The data suggest that the task of mothering at the shelter can be conceptualized as a complex relationship between the “private” mothers and the “big mother,” that is, shelter staff who care for the children directly by working with them and, indirectly, by guiding and supervising their mothers. As put by one of our interviewees: “Apart from the child’s private mother, there is also the ‘big mother’ who tells the mother what to do.” This state of affairs appears to result at times in “meta-parenting,” where staff members mother both the children and their mothers. However, since abused women are not children and are after all the mothers of their children, the staff wrestled with questions of responsibility and boundaries vis-à-vis the children: Who is ultimately responsible for their well-being—their mother or the shelter staff? How much responsibility should staff assume for the residents’ mothering? We’re constantly trying to improve, for example, the issue of the mothers’ responsibility, which somehow we got into . . . once it was clear to everyone, then, all of a sudden this question of responsibility went away for us. As staff it just disappeared. We got up one morning and said to ourselves: “Heck, what are we doing here? This is not my child!” . . . So we changed: we now work on involving the mothers as much as possible in the children’s activities, as well. (A social worker) It seems that the staff we interviewed, in their role as the “big mother” were faced with a seemingly impossible and multifaceted situation. While they regarded the shelter residents as incompetent mothers, they nevertheless strove to encourage the women’s autonomy in that role. In addition, they felt responsible for protecting the women’s children from harm and providing for their needs. Finally, they saw it as their role to maintain order and routine at the shelter. The continuing tension arising from the interplay between these seemingly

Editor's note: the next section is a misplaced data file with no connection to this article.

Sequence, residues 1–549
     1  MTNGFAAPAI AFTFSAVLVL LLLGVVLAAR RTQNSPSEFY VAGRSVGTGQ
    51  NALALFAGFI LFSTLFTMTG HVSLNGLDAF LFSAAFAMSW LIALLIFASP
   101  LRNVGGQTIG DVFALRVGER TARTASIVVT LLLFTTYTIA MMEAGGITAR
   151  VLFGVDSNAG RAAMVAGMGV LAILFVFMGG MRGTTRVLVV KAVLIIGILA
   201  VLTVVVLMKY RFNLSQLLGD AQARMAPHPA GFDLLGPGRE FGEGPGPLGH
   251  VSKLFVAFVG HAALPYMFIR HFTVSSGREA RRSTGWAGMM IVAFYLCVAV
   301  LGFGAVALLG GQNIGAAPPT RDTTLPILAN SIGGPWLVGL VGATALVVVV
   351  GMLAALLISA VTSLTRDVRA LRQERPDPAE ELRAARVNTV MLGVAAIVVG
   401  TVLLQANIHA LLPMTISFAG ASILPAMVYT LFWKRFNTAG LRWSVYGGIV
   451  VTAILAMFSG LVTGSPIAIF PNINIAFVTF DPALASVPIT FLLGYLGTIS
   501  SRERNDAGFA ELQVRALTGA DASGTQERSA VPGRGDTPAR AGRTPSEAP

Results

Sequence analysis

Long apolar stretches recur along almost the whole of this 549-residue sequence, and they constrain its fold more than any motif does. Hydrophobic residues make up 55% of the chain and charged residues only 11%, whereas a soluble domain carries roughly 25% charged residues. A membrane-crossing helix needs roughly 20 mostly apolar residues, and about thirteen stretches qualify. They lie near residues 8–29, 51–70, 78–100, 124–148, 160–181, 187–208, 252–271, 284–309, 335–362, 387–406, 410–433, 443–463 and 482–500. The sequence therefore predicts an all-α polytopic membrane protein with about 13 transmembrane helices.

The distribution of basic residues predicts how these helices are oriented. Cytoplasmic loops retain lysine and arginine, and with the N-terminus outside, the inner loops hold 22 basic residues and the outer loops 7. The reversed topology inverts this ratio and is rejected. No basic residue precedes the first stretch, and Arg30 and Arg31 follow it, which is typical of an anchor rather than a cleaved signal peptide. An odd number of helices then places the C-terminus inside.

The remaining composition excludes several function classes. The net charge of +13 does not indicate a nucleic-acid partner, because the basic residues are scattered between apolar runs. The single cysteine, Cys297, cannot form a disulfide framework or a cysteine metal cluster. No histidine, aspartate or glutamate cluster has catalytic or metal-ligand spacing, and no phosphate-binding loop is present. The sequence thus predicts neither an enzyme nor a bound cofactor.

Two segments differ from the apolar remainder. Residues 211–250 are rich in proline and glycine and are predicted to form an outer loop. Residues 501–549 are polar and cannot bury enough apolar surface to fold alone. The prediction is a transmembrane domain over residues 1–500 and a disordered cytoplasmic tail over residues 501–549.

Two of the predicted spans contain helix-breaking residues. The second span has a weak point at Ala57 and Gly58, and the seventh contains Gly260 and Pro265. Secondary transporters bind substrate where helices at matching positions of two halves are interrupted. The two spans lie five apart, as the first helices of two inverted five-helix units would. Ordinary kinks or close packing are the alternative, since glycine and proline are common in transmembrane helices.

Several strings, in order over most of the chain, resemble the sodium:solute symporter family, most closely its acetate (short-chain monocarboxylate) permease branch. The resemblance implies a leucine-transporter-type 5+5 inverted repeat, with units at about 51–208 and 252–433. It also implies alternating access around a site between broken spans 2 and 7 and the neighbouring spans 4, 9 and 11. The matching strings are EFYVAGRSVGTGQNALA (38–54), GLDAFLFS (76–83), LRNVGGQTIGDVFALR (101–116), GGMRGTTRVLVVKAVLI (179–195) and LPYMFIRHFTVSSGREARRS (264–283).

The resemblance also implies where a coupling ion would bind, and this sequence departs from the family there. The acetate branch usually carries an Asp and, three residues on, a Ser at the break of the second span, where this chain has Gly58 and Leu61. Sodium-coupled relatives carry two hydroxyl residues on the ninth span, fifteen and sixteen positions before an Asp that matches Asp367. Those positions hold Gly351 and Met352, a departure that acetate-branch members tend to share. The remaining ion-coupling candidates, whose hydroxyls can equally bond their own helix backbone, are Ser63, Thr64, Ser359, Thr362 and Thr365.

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contradictory goals is reflected in the staff members’ descriptions of their interventions in connection with the women’s mothering behavior.